There is already an important literature in cognitive sciences, neurosciences and experimental economics showing that agents may not take the best decisions with regard to their own interest or their well-being owing to various irrationality biases and inconsistencies. This opens the door to (public or private) interventions on the choice architecture. Such interventions should be legitimate insofar as they improve the decisions of agent without changing the options that are available to them.
The aim of the present conference is to focus more specifically on the nudges that may influence not merely occurrent decisions but the motivations or desires of agents in the long run. There may exist a number of reasons to help people to change their preferences or desires. They may rest on insufficient information or they may be incoherent. They may be socially inacceptable (racist preferences). People may regret having acted on them (the consumption of cigarettes, alimentary behaviors), etc.
However, conative nudges raise important problems of legitimacy insofar as they assume that well-being is not satisfaction of actual desires or preferences but instead satisfaction of idealized desires or preferences that we may call with philosophers their values. Economists are traditionally reluctant to such idealization of desires but if empirical works shows that revealed preferences lose their legitimacy, then philosophers and economists may come to have converging views. However, such views raise well-known questions concerning the legitimacy of liberal paternalism, and its superiority to more traditional form of paternalism or other forms of action aiming at the promotion of education or information. In the end, it may appear that only the later pay due respect to autonomy.
The aim of the conference is to gather researchers that focus on desires, the possibility and the rationality to change them, the means for doing so and the legitimacy of inducing this changes from all relevant perspectives, be there philosophical, economical, political or empirical.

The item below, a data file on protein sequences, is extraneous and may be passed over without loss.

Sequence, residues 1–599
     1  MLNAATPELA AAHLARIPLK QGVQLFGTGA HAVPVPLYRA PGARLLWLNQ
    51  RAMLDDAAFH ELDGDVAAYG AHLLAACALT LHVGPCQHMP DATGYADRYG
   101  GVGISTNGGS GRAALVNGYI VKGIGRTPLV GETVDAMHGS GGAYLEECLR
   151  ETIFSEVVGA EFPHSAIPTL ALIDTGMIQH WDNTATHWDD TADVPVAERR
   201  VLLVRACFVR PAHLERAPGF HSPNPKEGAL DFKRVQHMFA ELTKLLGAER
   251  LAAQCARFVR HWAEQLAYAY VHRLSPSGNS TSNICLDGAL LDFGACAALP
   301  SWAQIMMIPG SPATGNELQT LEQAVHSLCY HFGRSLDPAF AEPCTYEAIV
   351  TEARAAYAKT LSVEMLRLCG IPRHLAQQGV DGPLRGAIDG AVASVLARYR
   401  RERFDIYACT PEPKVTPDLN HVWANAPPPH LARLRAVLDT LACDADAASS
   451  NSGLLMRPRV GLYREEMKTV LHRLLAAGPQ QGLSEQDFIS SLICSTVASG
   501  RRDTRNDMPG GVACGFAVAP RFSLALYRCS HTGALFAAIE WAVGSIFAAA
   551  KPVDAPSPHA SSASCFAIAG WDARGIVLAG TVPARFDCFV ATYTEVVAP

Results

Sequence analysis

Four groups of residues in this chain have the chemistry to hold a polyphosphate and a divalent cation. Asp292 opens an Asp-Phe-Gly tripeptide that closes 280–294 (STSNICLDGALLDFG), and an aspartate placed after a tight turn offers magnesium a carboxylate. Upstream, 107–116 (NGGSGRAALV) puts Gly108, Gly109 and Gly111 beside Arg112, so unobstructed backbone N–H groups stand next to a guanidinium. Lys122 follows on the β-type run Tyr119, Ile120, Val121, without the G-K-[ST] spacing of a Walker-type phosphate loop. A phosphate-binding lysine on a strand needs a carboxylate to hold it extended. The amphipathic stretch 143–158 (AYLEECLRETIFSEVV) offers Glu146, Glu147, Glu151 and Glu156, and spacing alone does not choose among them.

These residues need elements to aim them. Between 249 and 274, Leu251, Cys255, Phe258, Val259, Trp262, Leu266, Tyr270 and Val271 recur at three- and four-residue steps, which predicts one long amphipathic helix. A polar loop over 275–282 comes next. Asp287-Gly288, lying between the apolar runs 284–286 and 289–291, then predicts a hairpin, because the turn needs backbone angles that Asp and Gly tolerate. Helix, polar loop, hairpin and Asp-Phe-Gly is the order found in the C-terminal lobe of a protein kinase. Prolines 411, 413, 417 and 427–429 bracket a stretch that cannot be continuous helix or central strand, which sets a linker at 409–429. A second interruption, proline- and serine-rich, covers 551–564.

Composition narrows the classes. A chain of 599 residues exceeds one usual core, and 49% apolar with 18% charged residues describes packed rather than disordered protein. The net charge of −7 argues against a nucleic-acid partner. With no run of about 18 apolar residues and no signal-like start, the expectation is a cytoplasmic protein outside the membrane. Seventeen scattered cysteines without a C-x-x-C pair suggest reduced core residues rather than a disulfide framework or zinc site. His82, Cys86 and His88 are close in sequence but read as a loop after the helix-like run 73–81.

Submission of abstract may tackle any of the foregoing empirical, experimental, conceptual, normative or political issues. Addressing some of the following questions may be especially relevant:
- Are desires stable mental states or do they depend on contextual factors?
- How nudge can change preferences and desires in the long run?
- What does it mean for desires to change?
- Can one change behavior without changing preferences?
- To what extent actual desires or preferences can be irrational?
- Is it possible to unify the different ways in which desires may count as irrational?
- Are nudge changing desires compatible with the respect for autonomy or any other normative constraint?
- To what extent people matter about being influenced by nudges?
- Which types of nudge and incentive mechanism help people to change their behavior and preferences in a desirable way?
- How does information affect desires?
- What kind of education may be efficient to change preferences and desires, or in the formation of desires?
- Can we compare the efficiency of education from nudging policies in changing desires?
We invite submission of abstracts of 500 words, prepared for blind review. The author’s name, paper title, institutional affiliation, and contact details should be included either in the email or in a separate covering letter.
Deadline for submission: 30th June 2016. We anticipate decisions by the end of July.
Please send your abstract and your contact information to Sophie Rabaux at this email address: email@example.com <mailto:firstname.lastname@example.org>
The conference fees for authors of accepted papers will be 100 euros. This will include the conference dinner, two lunches and coffee during the whole conference.
The conference is organized by the Philosophy department of the University of Rennes and the Centre de recherche en économie et management of the University of Rennes,
On behalf of the organizers of the conference :
Stéphane Lemaire (Philosophy dept)
Benoît Taroux (CREM)